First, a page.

• Has REJECTED the inquiry’s recommendation for legislative change to remove the three-year limitation period for personal injury claims brought by victims and survivors of child sexual abuse (who are still living; this recommendation does not apply to the estates of victims and survivors). Instead of changing the law, the government states it will publish a consultation on strengthening guidance to judges on exercising their discretion to disapply the three-year limitation period.
  • APPEARS TO REJECT the inquiry’s recommendation for a single core data set on child sexual abuse. The government’s response summarises the various sources of data collection which currently exist, including through police forces / the Home Office, the Office of National Statistics and local authorities / the Department for Education. Official recorded crime statistics for rape and many other sexual offences where the victim is a child relate only to those aged 15 and under; data relating to child victims aged 16 and 17 are absorbed within adult statistics.
  • APPEARS TO REJECT the inquiry’s recommendation (first made in March 2020) that legislation be introduced to require providers of online services to have “more stringent age verification measures”. The government’s response states it ‘expects’ companies to have age verification in place, and notes the Online Safety Bill currently passing through Parliament has been amended to clarify “that providers may need to use age assurance to identify the age of their users”.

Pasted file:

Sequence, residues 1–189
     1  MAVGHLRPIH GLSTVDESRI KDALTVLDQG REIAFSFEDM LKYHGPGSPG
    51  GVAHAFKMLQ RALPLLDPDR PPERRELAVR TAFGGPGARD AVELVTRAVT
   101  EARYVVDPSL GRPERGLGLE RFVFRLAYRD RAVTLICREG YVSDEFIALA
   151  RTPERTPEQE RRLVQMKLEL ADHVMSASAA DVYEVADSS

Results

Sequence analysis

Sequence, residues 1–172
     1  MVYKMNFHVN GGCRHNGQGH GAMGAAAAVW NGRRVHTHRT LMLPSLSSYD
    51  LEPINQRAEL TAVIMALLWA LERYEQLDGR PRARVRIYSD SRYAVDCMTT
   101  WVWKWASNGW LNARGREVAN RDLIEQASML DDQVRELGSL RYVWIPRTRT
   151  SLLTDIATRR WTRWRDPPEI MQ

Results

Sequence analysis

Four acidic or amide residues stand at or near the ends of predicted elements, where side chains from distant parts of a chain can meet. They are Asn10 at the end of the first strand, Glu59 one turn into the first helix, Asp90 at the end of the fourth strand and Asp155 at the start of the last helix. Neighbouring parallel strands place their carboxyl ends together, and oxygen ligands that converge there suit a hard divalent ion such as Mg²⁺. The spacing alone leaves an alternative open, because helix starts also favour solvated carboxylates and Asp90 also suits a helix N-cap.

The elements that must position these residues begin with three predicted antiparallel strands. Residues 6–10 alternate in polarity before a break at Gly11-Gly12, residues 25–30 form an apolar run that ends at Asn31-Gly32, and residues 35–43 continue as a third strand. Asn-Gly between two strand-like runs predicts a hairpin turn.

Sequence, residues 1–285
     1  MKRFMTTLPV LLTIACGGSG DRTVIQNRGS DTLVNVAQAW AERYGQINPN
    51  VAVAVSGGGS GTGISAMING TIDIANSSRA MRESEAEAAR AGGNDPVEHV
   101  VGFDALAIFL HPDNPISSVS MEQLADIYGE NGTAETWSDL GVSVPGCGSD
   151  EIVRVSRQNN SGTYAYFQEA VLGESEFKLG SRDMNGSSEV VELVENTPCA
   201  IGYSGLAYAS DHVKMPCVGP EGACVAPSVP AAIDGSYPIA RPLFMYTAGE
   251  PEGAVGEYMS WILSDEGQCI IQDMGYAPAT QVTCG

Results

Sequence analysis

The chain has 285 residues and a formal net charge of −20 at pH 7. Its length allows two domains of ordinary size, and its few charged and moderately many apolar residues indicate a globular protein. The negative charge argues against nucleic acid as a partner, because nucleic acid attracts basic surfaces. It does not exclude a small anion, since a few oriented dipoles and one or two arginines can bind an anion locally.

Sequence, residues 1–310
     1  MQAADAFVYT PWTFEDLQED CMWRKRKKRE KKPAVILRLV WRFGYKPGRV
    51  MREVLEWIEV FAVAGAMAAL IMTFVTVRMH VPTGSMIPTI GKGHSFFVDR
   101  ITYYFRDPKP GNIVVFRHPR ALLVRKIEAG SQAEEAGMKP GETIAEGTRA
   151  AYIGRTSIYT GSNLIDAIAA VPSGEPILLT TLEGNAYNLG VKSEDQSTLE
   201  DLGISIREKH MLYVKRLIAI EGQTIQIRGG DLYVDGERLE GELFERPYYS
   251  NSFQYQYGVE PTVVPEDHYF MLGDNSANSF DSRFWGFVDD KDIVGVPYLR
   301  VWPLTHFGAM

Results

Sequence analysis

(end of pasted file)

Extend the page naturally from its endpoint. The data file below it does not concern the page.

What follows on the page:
• APPEARS TO REJECT the inquiry’s recommendation that it introduces a ‘national guarantee’ of specialist and accredited therapeutic support for all child victims of sexual abuse. The government’s response sets out a number of national developments already in train, and commits to “elicit views on the future of therapeutic support” but there is no commitment to an entitlement in law or NHS policy.
  • APPEARS TO REJECT the inquiry’s novel proposal for looked after children to be able to seek an order from the court to stop their local authority from acting in a way (or proposing to act) which risks causing significant harm to the child. Such a legal mechanism could, for example, give looked after children a much-needed new legal route to stop forced moves.
  • APPEARS TO REJECT the inquiry’s recommendation for the professional registration of prison staff (in young offender institutions and secure training centres), deciding instead to have an ‘internal register’ within the Ministry of Justice. (The inquiry first made this recommendation in February 2019).
  • APPEARS UNDECIDED on amending the Criminal Injuries Compensation Scheme (CICS) to include forms of child sexual abuse not currently covered – including online-facilitated child sexual abuse. Government also appears undecided on the inquiry’s recommendation to stop the automatic exclusion from CICS of victims and survivors with unspent convictions where this offending was likely to be linked to the abuse they suffered as a child. Further, the government appears to be still undecided on whether the time limit for compensation should be extended to seven years, as recommended by the inquiry. The government’s response describes recent consultations it has undertaken, and promises to publish another consultation shortly.
  • APPEARS UNDECIDED on the inquiry’s recommendation that legislation be introduced so that enhanced Disclosure and Barring Service (DBS) checks can be undertaken on those recruited outside the UK to work or volunteer within the UK, and vice versa. (The inquiry first made this recommendation in January 2020).